Yael Brisker is a mother of twins, artist, metalsmith, Nonviolent Communication and Empathy skills teacher,  a student of Biosynthesis - a body oriented psycoptherapy. A big chunk of her childhood was spent in the States, during the 60’s which must have influenced her somewhat idealistic outlook on life! She currently lives with her kids in Israel. You can find her at .She also has a page devoted to Empathic Connections on Facebook

It's important

It has been a while since the last post. I have been trying to find some direction in business, blogging and life. Well I found A direction and sticking to it for now. In the next few days I will have two articles come out... One in Elephant Journal and one on a Danish site called JuniorBusiness. Both are about presence in parenting. I am Sh*tting myself. I feel so strongly about the subject but also feel a little scared that people won't "like" them. So why are we (some of us) so afraid of not getting other peoples approval?  Why is it important? I am working on letting go, and will let go of the articles from my mailbox in a moment.

The reason why I want them out there, is to bring some attention to presence in parenthood. Create a talk about how do we slow down, and just be with our kids. Is there a lack of moments where we just are. Has the culture created a situation where we don't even know how be present anymore? And in that process I am showing my dirty laundry. Where I lack the ability to just be as a mother and I guess that is hard for me, still, to admit.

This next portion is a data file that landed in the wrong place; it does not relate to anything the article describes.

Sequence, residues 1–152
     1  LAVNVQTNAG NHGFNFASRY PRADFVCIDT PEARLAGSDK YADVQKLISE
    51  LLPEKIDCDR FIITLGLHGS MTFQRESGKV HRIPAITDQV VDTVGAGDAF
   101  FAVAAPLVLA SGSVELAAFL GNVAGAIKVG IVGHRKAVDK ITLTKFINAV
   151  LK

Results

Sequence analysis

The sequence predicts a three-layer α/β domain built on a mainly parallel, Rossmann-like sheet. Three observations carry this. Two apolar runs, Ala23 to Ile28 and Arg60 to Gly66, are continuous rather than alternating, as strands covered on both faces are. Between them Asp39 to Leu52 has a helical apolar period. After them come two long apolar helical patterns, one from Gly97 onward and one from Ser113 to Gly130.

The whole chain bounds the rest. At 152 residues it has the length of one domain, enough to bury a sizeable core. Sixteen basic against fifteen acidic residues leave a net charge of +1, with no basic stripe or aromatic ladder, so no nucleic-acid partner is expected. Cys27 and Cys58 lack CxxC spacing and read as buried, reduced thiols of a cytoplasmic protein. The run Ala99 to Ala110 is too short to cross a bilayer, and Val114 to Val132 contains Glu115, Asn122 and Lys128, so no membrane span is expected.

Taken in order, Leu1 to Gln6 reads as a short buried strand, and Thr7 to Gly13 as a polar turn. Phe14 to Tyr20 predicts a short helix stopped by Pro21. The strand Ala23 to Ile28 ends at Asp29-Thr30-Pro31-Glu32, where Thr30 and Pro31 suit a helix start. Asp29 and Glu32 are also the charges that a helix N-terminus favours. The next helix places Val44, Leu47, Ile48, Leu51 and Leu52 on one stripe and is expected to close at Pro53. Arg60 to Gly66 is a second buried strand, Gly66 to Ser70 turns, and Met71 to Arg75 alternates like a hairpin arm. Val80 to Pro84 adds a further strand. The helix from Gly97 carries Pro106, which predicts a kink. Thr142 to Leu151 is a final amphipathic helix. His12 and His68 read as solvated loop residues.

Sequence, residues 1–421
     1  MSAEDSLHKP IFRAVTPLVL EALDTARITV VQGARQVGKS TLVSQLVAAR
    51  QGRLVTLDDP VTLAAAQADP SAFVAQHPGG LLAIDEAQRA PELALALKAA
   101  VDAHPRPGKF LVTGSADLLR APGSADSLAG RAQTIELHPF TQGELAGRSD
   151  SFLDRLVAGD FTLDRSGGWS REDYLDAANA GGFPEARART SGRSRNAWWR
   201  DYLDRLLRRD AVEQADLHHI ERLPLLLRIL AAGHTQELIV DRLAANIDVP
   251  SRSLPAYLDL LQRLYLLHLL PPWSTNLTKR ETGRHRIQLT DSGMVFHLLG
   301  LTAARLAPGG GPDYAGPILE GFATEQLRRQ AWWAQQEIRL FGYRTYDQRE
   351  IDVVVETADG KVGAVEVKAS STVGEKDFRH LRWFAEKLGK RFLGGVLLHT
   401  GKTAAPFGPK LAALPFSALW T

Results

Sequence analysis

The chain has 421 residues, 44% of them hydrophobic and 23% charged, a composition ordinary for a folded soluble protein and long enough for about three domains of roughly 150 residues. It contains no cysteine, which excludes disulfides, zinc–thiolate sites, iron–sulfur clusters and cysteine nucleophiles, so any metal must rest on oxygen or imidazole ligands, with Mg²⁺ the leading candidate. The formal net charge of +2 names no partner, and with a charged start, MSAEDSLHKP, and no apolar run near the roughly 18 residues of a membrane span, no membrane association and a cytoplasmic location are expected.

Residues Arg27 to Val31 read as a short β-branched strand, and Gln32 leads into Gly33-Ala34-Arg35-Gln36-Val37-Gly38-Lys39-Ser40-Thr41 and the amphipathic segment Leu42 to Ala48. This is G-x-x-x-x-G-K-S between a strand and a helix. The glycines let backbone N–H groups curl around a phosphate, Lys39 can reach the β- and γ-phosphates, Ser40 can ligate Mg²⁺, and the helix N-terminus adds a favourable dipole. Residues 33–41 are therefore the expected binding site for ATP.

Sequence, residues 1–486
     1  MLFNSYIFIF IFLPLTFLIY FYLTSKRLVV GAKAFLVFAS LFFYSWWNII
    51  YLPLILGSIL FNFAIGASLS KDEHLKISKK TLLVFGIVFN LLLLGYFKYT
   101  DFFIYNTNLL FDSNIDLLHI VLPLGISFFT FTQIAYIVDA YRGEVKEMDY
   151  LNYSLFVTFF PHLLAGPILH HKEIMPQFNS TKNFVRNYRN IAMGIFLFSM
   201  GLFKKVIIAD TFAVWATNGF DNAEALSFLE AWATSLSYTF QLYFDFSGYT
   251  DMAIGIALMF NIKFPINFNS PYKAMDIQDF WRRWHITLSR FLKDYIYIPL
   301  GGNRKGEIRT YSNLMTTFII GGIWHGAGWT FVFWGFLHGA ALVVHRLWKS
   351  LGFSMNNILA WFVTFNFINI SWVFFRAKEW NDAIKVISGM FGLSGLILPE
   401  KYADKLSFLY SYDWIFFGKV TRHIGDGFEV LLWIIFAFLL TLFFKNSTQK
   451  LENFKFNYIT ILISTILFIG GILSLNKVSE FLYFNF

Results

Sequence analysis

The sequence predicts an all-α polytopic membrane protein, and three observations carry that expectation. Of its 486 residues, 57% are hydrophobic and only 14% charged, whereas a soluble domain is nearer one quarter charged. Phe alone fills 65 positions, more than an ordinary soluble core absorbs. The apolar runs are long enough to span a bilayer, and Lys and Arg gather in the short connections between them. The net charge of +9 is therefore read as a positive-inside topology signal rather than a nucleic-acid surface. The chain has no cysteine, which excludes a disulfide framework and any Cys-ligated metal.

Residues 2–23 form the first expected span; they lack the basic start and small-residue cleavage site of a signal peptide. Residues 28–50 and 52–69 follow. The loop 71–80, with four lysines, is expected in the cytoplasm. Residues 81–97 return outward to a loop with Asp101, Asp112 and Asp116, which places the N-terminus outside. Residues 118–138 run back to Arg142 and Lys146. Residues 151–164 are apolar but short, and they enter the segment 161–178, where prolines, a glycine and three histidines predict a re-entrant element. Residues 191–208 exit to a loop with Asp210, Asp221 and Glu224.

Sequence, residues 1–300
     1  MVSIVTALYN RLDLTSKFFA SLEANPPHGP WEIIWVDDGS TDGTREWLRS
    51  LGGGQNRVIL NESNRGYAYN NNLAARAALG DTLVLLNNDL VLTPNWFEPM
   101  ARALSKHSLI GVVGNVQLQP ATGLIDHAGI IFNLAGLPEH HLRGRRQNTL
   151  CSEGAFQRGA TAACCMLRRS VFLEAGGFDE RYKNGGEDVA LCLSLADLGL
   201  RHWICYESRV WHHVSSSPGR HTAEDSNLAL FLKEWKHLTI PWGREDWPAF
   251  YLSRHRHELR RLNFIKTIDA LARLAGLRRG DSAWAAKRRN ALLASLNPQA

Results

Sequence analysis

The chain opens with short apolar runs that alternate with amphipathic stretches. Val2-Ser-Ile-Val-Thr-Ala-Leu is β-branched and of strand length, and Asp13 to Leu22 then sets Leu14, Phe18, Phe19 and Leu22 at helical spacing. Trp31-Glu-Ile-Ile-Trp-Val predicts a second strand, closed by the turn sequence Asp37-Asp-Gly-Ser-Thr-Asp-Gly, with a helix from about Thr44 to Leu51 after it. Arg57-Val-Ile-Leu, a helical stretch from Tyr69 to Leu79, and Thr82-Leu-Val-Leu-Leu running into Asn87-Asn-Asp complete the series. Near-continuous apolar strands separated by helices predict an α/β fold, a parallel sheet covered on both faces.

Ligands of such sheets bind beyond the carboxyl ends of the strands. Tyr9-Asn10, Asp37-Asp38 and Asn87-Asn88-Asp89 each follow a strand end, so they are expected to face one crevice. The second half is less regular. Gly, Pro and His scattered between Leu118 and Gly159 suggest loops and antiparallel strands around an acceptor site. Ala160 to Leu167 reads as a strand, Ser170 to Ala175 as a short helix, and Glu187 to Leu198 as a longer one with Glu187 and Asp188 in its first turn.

Starting April 4th there will be a series of women from around the world guest posting here on the blog. Sharing their thoughts, stories and tips about the subject. I hope you will join the talk, comment and read their awesome posts. I hope it will create food for thought, and maybe shift some focus in the way we do things right now. The world is in need of a little less doing and a little more being.


Taking it all in.

I am going to continue the theme of mindfulness, parenting and children. I have heard a lot of comments about the 12 exercises for mindful parenting, and it seems to be something a lot of parents would love to work with some more. I know I do. So when the intention to meditate is there, but we lack space, time and motivation what do we do? A women I really enjoy reading is Diana Winston. What an inspiration. She wrote a blog post about meditating with toddlers.